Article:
Planning for the end is such a curious concept. So many of us worry about the life we are living and yet neglect to plan for that time when it will become more and more difficult to suck the marrow from our existence. They say it’s not the pace of life that gets you, it’s the sudden stop at the end. That line may be good for a chuckle, but for the majority of us, it’s just not true.
The End of Life
Life does not naturally careen forward only to stop abruptly. The reality is more akin to a car running out of gas. It’s running along just fine, engine purring, and then you begin to notice a few hiccups. The engine is still running, but it’s not doing everything it normally does. Something is missing, the engine struggles, causing the entire frame to jerk violently as it pulls and stops, pulls and stops. Eventually it quits, but even though the driving force propelling the car forward has stopped its thrust, the car hasn’t stopped forward momentum. It’s still moving. Steadily decelerating, yes, but moving until, finally, it coasts to a slow and laborious stop.
For most of us, on the day we die, our bodies will not be functioning as they did in our twenties. They will have broken down, ceased to function properly and yet still be pushing us forward. But that doesn’t mean we are destined to merely endure the end. It is possible to have happy and fulfilling final years; it just takes a little work.
Making a Good End
Judy MacDonald Johnston recently gave a brief talk outlining the basic steps required for ensuring a good end of life. The video is available for you to view below, and I’ve attached a short outline beneath it:
- Make a Plan – You need to realize that your body is going to break down, possibly your mind as well. It is important that you plan for those events to take place so that when they happen your wishes are not only known but possible.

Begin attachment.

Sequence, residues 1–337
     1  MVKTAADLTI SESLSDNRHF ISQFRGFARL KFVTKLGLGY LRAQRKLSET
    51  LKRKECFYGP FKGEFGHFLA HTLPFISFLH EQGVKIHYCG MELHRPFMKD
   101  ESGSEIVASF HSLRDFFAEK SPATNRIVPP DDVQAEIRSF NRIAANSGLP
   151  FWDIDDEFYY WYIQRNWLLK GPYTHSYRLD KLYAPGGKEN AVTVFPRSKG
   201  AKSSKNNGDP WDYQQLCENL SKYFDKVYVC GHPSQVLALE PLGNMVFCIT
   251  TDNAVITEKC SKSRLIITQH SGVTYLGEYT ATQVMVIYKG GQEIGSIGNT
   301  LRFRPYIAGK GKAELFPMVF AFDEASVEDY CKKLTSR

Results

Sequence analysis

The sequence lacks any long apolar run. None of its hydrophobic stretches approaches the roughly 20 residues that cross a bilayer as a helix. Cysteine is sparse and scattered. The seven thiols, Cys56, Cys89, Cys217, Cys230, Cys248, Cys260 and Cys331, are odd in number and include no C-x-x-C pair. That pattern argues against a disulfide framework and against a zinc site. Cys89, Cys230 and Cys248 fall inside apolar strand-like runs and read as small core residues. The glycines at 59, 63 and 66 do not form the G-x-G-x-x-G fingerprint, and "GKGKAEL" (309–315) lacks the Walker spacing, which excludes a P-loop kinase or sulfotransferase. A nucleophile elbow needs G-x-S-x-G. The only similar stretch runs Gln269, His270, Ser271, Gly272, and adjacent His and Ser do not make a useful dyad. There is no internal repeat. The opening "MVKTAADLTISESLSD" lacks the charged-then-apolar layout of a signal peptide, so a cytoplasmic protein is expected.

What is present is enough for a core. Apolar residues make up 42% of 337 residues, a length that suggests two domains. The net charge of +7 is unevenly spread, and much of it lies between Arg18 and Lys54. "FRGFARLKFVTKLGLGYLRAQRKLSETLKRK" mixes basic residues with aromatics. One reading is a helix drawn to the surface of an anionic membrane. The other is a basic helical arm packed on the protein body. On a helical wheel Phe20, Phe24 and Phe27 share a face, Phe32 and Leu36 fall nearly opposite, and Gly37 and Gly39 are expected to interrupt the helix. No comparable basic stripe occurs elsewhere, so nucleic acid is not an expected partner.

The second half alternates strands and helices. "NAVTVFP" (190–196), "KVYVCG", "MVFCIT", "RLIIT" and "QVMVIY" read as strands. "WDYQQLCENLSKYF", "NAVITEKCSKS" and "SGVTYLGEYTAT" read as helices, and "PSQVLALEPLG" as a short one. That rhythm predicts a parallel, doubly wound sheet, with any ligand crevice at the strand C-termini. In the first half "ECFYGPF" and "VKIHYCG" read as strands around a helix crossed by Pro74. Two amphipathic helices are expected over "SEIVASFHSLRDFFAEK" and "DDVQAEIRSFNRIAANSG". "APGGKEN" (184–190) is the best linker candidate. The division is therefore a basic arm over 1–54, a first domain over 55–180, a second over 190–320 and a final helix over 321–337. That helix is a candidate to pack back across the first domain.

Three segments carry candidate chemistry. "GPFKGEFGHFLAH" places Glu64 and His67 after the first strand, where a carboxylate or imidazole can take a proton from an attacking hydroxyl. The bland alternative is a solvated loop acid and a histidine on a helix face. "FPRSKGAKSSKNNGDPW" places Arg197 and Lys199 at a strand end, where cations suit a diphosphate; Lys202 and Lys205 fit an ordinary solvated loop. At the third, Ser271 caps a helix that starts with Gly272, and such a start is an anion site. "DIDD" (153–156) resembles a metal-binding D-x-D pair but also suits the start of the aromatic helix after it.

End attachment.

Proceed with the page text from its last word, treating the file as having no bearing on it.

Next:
- Advocates – These are people who will ensure your plan happens and be with you every step of the way. These need to be people that have the time to devote to seeing this through. Relying on your children may not work, so don’t just hold onto an expectation without discussing it thoroughly with them.
- Hospital Readiness – You need a brightly colored envelope which holds: a one page summary of your medical history, what meds you are currently on, and your physician’s information. It should contain a copy of your insurance card, power of attorney and do not resuscitate as well as any other pertinent legal documentation. This will expedite your admittance.
- Choose Caregivers – Whether a senior care facility or at-home care, you need to make this decision ahead of time. Do not settle. These are the people that will be caring for you in your final days; make sure they are the right people.
- Last Words – Not what you want to say, but what you want to hear. What reassurances do you need about the people or things you’re leaving behind? If you’ve made a plan, all of those important things should be handled, but you may need or want reassurance when your time nears.
If you are looking for more information on this topic, you can visit Judy MacDonald Johnston’s website Good End Of Life here.
Approaching the end of your life can be a beautiful time. It should provide an opportunity to find even more love and happiness, not be a trial you have to struggle through alone. With a little forethought, at the end of your life you can still have a fulfilling life.